This post is featured in the CAPC Magazine, October 2016: Dystopian Disillusionment issue of Christ and Pop Culture Magazine. Subscribe to Christ and Pop Culture Magazine by becoming a member and receive a host of other benefits, too.

Finally, a religious cult you can relate to.

Joshua Overbay’s first feature, As It Is in Heaven, follows a small religious sect as they count down to the Lord’s (supposed) return. Overbay, who shot the film with help from students at Asbury University, uses a minimalist approach to the story, slowly turning the film’s screws until the atmosphere cracks into splinters. As It Is in Heaven is an intriguing, patient, and provocative look at what drives one to substitute God’s voice for another.

Yet, as much as there are villains and victims here, the story is told in a way that’s relatable or, dare I say, sympathetic to its characters. As It Is in Heaven is about more than a doomsday cult. It’s a story about humanity’s longing for hope, acceptance, and community.

As It Is in Heaven is serene in its opening moments — most unhealthy religious environments begin with good intentions, don’t they? A tracking shot follows a woman from the inner corridors of a quintessential farmhouse, through the Kentucky woods, and down to a small river for baptism. The atmosphere is calming, relaxed. Even the floorboards of the house creak with a pastoral presence.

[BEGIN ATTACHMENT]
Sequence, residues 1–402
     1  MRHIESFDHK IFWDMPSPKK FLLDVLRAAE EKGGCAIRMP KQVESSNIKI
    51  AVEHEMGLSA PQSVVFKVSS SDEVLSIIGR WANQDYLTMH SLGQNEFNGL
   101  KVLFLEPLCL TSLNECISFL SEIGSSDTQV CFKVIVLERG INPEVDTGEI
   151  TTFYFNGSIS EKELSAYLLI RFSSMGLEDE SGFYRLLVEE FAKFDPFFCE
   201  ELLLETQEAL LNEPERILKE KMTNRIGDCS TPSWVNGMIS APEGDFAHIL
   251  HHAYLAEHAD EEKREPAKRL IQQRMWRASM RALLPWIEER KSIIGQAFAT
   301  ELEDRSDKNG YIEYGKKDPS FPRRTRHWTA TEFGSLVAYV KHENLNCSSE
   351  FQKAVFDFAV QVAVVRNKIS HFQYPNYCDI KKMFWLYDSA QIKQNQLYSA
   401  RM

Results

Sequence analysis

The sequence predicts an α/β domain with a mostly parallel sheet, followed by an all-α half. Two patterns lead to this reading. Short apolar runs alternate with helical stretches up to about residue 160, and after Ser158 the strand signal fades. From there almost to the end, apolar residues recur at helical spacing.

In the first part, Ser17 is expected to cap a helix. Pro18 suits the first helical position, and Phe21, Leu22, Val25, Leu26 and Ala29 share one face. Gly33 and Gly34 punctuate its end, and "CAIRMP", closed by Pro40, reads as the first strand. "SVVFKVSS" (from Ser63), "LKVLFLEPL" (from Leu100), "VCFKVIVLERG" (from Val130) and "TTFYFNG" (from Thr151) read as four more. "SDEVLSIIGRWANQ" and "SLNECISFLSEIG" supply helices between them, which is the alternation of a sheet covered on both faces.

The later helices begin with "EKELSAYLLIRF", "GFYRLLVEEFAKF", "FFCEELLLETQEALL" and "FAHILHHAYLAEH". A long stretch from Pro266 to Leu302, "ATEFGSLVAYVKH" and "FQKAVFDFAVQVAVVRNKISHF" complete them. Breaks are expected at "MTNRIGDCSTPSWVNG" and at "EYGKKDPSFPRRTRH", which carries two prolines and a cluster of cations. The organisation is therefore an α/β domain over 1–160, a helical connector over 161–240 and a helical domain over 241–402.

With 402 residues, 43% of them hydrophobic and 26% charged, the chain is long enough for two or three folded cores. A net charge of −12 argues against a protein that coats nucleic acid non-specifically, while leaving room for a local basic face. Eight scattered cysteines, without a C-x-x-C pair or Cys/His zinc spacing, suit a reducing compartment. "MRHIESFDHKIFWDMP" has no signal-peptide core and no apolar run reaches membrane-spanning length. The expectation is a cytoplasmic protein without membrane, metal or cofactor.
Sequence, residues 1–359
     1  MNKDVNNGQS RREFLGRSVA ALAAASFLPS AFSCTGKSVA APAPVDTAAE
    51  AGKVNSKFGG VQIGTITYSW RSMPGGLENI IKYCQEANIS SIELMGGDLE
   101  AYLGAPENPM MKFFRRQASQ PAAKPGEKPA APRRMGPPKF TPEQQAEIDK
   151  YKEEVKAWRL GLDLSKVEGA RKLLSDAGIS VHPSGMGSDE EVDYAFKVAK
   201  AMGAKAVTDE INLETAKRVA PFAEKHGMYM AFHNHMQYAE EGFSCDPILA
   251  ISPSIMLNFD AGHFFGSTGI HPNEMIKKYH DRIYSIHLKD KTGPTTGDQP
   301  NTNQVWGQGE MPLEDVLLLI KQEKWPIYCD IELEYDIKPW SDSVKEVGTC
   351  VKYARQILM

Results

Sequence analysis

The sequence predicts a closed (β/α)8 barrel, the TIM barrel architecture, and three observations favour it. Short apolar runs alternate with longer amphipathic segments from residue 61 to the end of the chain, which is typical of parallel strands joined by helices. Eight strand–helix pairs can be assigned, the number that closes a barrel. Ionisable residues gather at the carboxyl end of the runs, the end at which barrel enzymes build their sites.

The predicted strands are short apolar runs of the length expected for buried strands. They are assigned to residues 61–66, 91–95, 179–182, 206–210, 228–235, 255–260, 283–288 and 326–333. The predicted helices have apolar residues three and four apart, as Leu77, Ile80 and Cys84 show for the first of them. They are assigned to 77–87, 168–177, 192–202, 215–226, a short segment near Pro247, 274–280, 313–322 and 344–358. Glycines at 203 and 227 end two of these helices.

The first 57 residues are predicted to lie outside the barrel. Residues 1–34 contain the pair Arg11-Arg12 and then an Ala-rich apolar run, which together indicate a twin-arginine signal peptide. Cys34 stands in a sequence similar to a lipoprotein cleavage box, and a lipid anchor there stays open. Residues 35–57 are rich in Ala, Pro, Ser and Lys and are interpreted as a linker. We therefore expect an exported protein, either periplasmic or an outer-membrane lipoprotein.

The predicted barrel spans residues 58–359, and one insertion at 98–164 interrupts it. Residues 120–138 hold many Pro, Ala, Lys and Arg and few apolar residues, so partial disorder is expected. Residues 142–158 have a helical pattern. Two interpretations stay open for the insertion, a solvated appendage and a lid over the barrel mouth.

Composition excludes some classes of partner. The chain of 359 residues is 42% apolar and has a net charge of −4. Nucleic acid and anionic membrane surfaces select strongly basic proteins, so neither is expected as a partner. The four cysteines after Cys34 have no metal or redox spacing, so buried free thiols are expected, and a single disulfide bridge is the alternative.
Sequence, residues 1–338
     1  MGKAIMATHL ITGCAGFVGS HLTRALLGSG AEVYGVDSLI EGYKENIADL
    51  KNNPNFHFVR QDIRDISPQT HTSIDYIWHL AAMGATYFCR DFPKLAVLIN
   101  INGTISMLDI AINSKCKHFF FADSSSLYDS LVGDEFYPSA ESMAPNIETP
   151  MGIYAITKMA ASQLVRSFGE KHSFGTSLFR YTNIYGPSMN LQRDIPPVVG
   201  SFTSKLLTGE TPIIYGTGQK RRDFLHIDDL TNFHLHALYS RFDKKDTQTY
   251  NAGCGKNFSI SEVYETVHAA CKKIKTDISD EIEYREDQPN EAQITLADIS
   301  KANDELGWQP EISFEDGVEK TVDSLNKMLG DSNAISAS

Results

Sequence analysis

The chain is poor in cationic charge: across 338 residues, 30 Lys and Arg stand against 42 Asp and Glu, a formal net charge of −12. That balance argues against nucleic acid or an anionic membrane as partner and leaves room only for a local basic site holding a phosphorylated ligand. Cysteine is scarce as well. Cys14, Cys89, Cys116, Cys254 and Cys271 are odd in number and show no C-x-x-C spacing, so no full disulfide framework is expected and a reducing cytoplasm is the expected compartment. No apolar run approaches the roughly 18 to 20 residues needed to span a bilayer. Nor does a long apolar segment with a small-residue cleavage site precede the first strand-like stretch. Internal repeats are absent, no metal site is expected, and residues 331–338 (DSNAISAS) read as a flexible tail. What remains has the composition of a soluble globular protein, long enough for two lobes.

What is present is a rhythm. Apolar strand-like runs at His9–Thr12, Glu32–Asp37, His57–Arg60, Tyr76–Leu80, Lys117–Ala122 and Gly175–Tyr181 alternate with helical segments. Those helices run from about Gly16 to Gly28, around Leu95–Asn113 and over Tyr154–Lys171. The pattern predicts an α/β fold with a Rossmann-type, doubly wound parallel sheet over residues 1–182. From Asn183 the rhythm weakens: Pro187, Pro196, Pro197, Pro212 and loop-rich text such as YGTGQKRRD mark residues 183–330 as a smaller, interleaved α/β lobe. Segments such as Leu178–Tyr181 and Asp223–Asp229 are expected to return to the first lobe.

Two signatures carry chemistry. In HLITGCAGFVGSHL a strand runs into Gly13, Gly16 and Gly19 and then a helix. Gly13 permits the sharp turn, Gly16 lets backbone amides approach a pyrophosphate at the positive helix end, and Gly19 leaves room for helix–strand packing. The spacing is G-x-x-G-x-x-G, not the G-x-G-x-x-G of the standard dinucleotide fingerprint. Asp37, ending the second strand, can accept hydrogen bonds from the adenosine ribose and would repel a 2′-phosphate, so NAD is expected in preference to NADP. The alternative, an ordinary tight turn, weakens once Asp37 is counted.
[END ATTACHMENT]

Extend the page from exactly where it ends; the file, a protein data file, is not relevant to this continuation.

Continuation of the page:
The verbiage of the baptism is similar to what one would find in a traditional congregation — this could be said about much of the group’s vocabulary over the course of the film’s 86 minute runtime. The group’s leader, Edward (John Lina), gives his recently immersed follower a new name, David (which means “Beloved by God”). David enters the community with a clean slate; a washed identity.

Skip ahead a year, and the idea of identity is still at the forefront of Edward’s mind. “We are the chosen people of the Lord,” he preaches. He even announces that Jesus will return in thirty days. There’s a calming nature to knowing the day and the hour. “We’re ready,” Edward tells his followers.

When an accident forces David to take on Edward’s role as group leader, the idyllic atmosphere begins to shift. The creaking of floorboards in the house shifts from peaceful to eerie. The screams of a baby echo through the walls. Overbay turns the story’s screwdriver tighter as David evokes a thirty day fast from all food. The people must suffer if they are to be ready for Judgment Day.

David, played with widened blue eyes by Chris Nelson, reviles in his role as a shepherd who wields the fear of spiritual damnation like a sword. But he’s not the monster we expect. David has a honest humanity to him. He’s genuinely concerned with hearing God’s voice and preparing his people. As much as he’s misguided, he also solicits our sympathy.

As It Is in Heaven is also exceptional in highlighting — by not highlighting — the internal makeup of the group. The audience is given little to no background information about the characters’ previous lives or the cult’s history. There’s no discussion of how Jesus’ return is calculated. We’re simply dropped into the narrative and left to wander around the old farmhouse on our own. At times, it’s difficult to distinguish who is married to who, which individuals are blood and which are not. The group has absorbed each other’s prior relationships, taking them on as their own.